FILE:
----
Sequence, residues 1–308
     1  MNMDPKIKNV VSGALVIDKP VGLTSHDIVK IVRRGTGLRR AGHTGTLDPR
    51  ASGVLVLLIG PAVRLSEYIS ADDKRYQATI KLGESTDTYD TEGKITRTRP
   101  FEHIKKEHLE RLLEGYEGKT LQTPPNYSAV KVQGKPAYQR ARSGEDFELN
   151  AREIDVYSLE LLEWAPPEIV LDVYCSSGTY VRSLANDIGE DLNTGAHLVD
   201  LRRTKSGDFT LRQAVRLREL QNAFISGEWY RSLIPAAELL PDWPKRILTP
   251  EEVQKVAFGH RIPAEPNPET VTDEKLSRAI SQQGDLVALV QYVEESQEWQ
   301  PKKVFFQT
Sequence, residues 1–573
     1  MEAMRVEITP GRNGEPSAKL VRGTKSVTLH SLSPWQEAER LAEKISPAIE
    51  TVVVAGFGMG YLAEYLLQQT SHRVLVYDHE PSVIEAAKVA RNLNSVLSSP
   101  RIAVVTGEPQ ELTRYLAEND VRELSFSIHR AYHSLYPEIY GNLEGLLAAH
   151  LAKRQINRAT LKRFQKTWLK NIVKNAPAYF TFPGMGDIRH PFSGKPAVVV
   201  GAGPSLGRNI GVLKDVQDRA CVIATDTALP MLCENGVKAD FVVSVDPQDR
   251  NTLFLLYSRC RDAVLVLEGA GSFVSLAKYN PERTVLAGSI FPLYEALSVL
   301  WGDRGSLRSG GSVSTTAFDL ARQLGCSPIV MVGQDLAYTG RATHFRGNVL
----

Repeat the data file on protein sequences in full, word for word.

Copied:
Sequence, residues 1–308
     1  MNMDPKIKNV VSGALVIDKP VGLTSHDIVK IVRRGTGLRR AGHTGTLDPR
    51  ASGVLVLLIG PAVRLSEYIS ADDKRYQATI KLGESTDTYD TEGKITRTRP
   101  FEHIKKEHLE RLLEGYEGKT LQTPPNYSAV KVQGKPAYQR ARSGEDFELN
   151  AREIDVYSLE LLEWAPPEIV LDVYCSSGTY VRSLANDIGE DLNTGAHLVD
   201  LRRTKSGDFT LRQAVRLREL QNAFISGEWY RSLIPAAELL PDWPKRILTP
   251  EEVQKVAFGH RIPAEPNPET VTDEKLSRAI SQQGDLVALV QYVEESQEWQ
   301  PKKVFFQT
Sequence, residues 1–573
     1  MEAMRVEITP GRNGEPSAKL VRGTKSVTLH SLSPWQEAER LAEKISPAIE
    51  TVVVAGFGMG YLAEYLLQQT SHRVLVYDHE PSVIEAAKVA RNLNSVLSSP
   101  RIAVVTGEPQ ELTRYLAEND VRELSFSIHR AYHSLYPEIY GNLEGLLAAH
   151  LAKRQINRAT LKRFQKTWLK NIVKNAPAYF TFPGMGDIRH PFSGKPAVVV
   201  GAGPSLGRNI GVLKDVQDRA CVIATDTALP MLCENGVKAD FVVSVDPQDR
   251  NTLFLLYSRC RDAVLVLEGA GSFVSLAKYN PERTVLAGSI FPLYEALSVL
   301  WGDRGSLRSG GSVSTTAFDL ARQLGCSPIV MVGQDLAYTG RATHFRGNVL